In his book Collapse, Jared Diamond provides us a chilling historical anecdote of the Greenland Vikings: faced with an increasingly harsh climate in the early fifteenth century, a large swath of the population died out from starvation. Greenland Inuit, however, continued to live during this period. Unlike the Vikings, they harbored no cultural taboo restricting them from eating fish, which remained abundant as the climate became too cold for the grazing herds maintained by Vikings.1
In very much the same way, cultural preferences in Australia, concurrent with changes in climate, may limit local capacity to maximize long-term prosperity. So-called heritage preferences livestock—that is, cattle and sheep—are resource-intensive species. With increasing anthropogenic climate change, the cost of this investment may prove too much to sustain Australian populations, just as natural changes in climate proved too much for Greenland Vikings.
The Cost of Ill-Suited Species
Close to two-thirds of Australian land has been modified since European colonization in the late 1700s, with conversion to pasture accounting for more than half of the changes.2 Of 195 million head of livestock in 2011, 52 percent of these were sheep or cattle—non-native grazing animals that have presented new physical pressures, like trampling, into Australian environments.3,4 Their introduction has led to a loss in available habitat for existing ecosystems, and, more concerning, the erosion of soil quality through increased salinity, top soil loss, and changes to soil hydrology.2 Australian livestock also average 100 days a year in feedlots, and around 7 million head of livestock are supplied with feed additives—investments that highlight the inability of Australian environments to provide enough feed, water, and nutrients for these species even at current levels of production.3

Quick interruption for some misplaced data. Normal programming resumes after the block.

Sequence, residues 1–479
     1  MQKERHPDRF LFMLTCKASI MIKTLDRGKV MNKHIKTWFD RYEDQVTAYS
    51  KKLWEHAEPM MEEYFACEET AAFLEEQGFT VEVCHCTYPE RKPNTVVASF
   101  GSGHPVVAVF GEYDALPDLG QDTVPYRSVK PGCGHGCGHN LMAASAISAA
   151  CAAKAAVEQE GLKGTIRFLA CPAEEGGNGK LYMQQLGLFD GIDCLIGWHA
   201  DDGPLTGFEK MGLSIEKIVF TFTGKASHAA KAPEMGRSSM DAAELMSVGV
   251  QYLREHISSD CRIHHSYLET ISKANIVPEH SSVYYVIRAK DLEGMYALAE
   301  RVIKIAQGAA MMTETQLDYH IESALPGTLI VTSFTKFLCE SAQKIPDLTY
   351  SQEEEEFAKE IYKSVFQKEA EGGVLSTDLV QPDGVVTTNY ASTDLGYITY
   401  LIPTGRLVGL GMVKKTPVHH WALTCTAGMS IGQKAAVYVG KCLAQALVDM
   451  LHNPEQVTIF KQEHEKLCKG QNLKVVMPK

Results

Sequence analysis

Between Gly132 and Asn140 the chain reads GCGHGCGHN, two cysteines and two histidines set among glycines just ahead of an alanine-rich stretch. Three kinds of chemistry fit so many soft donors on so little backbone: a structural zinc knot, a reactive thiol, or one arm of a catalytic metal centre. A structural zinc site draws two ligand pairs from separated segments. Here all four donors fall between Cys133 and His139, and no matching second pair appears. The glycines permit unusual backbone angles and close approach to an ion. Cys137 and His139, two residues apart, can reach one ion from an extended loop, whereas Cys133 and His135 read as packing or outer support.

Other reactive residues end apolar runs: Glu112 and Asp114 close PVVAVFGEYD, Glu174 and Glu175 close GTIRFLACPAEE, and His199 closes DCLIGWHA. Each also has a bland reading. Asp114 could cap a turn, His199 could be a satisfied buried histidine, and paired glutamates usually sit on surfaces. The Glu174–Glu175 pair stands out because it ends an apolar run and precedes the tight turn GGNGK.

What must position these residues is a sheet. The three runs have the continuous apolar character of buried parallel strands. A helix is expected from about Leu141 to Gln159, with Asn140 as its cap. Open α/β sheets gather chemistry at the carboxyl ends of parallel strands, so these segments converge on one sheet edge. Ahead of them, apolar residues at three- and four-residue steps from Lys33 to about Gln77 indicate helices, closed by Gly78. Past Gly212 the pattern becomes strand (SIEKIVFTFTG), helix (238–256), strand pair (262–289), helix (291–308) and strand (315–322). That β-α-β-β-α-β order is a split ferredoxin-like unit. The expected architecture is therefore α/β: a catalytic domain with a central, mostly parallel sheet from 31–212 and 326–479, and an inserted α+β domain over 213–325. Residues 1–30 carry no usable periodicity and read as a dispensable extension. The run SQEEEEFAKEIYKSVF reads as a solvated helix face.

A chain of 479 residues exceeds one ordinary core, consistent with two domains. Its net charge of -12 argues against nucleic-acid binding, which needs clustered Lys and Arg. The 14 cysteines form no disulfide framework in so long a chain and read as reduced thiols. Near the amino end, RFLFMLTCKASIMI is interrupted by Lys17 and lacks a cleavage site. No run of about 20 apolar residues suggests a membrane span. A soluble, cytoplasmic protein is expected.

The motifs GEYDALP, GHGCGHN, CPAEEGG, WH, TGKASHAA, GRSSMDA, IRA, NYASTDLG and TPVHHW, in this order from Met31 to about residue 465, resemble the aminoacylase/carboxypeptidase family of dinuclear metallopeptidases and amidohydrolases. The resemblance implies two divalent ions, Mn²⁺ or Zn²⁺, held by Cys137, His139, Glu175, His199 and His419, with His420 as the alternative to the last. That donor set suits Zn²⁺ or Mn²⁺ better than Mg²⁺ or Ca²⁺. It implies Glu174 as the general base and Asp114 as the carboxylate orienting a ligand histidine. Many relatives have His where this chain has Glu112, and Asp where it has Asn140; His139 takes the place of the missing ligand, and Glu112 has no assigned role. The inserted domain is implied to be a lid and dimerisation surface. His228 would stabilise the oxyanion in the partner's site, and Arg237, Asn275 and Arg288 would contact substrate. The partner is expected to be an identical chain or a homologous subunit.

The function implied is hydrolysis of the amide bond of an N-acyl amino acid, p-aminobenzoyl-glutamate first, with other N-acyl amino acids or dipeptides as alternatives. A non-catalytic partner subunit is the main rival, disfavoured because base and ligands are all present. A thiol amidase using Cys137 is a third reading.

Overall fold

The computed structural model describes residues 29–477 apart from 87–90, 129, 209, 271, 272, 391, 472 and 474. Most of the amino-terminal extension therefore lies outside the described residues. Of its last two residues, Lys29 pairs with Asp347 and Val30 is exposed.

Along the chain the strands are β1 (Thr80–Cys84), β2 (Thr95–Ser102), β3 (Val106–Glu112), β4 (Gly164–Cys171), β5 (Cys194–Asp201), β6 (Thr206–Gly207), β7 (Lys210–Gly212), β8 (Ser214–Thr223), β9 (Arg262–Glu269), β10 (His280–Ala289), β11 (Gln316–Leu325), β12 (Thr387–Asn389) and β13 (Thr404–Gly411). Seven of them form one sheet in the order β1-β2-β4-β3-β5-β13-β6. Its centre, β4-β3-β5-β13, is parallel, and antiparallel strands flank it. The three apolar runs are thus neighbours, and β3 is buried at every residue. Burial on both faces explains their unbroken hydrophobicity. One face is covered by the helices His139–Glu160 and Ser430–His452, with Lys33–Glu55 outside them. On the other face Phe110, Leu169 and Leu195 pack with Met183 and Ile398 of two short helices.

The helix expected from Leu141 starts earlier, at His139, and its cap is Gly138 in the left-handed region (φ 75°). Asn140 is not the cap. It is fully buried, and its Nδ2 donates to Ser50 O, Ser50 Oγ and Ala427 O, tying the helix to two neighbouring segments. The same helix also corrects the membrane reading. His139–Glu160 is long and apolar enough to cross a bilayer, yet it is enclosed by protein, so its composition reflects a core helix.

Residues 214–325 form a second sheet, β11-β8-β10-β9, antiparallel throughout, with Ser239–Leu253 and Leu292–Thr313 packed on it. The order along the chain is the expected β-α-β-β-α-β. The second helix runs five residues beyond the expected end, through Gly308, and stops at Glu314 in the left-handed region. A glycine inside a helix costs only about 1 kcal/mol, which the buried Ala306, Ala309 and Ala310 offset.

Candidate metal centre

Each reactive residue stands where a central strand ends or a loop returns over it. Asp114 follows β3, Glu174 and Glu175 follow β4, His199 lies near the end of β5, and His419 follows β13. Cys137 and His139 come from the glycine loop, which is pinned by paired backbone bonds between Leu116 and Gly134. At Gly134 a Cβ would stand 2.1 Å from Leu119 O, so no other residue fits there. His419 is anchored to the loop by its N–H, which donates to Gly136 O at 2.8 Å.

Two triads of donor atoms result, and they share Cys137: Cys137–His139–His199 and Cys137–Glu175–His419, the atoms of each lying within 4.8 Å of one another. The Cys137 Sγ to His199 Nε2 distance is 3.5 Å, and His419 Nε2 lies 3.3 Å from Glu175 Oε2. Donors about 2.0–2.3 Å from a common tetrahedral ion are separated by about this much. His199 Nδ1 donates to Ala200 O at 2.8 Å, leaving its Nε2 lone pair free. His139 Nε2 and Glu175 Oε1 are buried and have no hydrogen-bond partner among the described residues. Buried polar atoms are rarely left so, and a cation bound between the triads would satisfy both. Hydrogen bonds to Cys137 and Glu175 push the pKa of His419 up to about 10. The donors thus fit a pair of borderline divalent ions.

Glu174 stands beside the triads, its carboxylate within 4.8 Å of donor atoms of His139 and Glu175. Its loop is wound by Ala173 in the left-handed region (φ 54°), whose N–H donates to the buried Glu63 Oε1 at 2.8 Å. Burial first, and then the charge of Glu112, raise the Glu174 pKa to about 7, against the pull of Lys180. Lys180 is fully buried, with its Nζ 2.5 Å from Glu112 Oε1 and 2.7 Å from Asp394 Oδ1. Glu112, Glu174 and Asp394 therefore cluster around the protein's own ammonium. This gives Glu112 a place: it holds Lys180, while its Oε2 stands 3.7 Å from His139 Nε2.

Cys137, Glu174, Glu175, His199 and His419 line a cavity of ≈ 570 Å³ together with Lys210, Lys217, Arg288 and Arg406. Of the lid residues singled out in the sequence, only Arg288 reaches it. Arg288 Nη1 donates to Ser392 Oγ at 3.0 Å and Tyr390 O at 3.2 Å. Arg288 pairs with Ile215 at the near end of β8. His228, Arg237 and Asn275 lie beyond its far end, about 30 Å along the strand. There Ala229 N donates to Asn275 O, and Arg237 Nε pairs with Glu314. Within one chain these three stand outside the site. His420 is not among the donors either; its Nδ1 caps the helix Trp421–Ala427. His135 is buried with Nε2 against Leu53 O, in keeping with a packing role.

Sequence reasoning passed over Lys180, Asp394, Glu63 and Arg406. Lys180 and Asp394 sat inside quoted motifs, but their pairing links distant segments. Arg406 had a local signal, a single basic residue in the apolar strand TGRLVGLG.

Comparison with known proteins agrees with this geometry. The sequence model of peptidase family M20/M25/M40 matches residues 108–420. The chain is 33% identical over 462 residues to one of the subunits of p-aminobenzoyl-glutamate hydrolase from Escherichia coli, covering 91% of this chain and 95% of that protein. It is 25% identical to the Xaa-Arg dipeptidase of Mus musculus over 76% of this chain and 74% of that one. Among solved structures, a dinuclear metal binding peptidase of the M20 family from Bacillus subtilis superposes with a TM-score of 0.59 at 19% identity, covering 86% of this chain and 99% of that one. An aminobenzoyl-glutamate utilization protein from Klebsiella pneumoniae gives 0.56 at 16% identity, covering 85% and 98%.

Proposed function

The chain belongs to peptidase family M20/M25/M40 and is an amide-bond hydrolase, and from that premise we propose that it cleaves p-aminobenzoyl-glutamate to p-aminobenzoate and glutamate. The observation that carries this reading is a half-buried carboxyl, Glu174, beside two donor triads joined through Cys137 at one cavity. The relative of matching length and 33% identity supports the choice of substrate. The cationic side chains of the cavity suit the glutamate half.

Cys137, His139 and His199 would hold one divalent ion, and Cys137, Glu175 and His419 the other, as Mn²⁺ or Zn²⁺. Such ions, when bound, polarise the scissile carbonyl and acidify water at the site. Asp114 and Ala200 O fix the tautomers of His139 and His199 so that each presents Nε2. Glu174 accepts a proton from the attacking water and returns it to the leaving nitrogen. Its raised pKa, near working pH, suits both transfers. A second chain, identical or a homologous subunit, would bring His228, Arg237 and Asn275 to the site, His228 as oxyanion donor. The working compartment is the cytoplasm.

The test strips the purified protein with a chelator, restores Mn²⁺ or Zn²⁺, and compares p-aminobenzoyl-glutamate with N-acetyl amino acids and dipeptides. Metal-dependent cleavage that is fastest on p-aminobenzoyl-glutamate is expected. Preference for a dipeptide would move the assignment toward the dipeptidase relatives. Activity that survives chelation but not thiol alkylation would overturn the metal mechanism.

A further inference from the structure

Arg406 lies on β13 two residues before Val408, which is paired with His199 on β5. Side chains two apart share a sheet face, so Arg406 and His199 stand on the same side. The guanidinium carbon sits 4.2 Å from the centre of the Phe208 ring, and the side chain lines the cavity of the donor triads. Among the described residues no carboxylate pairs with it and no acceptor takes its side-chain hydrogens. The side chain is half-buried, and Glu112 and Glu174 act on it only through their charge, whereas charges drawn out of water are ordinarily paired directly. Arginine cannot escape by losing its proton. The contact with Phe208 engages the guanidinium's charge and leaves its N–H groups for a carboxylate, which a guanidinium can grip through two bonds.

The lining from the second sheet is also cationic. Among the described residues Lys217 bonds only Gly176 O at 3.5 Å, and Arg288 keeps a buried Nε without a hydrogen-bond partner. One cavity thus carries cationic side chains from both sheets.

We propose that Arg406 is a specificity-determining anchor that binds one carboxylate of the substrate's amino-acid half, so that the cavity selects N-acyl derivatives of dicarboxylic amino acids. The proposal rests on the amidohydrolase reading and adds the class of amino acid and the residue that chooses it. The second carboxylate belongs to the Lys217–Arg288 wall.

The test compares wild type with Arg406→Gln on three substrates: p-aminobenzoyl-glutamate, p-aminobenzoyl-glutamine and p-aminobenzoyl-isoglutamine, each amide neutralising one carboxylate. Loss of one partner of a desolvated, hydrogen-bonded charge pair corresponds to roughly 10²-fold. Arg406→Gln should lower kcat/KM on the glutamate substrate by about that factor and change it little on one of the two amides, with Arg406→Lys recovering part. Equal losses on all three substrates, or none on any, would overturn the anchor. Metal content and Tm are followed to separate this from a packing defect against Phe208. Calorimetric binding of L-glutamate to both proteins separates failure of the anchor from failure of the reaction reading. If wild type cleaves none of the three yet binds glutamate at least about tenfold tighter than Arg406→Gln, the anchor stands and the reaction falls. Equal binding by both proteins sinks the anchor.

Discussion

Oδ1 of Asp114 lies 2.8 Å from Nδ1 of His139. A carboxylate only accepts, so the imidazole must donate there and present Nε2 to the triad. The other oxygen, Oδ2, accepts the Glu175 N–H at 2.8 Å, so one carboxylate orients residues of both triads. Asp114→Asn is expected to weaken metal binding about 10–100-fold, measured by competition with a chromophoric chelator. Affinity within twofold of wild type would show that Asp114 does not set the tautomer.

Australian agriculture is also taxing the country’s natural resources. Overall, farming practices required more than 8,174 gigaliters, or almost 2 trillion gallons, of water during the 2011-12 fiscal year, with nearly a quarter of this applied on pasture and pasture feed alone.5 Put into context, while pastoral agriculture is considered a relatively low-water farming method, it still required more water than all of national household use over the same period.
Added to this mix are the mounting pressures of human-caused climate change, which will directly affect which crops can be grown, and which animals raised, where. The fourth Intergovernmental Panel on Climate Change (IPCC) report suggested that Australian agriculture has very little coping range under scenarios of increased warming, though a window of opportunity now exists for adaptation.6 The report also concluded that warming will increase water insecurity. Heat stress will favor many crop pests, such as the Queensland fruit fly, and invasive species, such as the gum Arabic tree.6 And heat stress that already affects livestock, notes the report, will very likely worsen in years to come.
Alongside these escalating problems, feral animal management presents a considerable investment and ecological challenge. In 2010 it was estimated that there were more than one million feral camels in rangeland ecosystems of Australia, a number that is expected to double within a decade if left unmanaged. There were also roughly 2.6 million feral goats. Both species warrant culling due to the negative impact they have on native ecosystems—something similar to grazing livestock.7,8 It has been estimated that the damage done by camels to conservation and pastoral land comes to several million dollars annually, and the Australian Government has announced that it will provide $19 million over four years for a management project.7 Unmanaged feral goats, it’s conservatively believed, cost almost $8 million annually. The goat population also hinders cattle and sheep production and requires control and research costs.9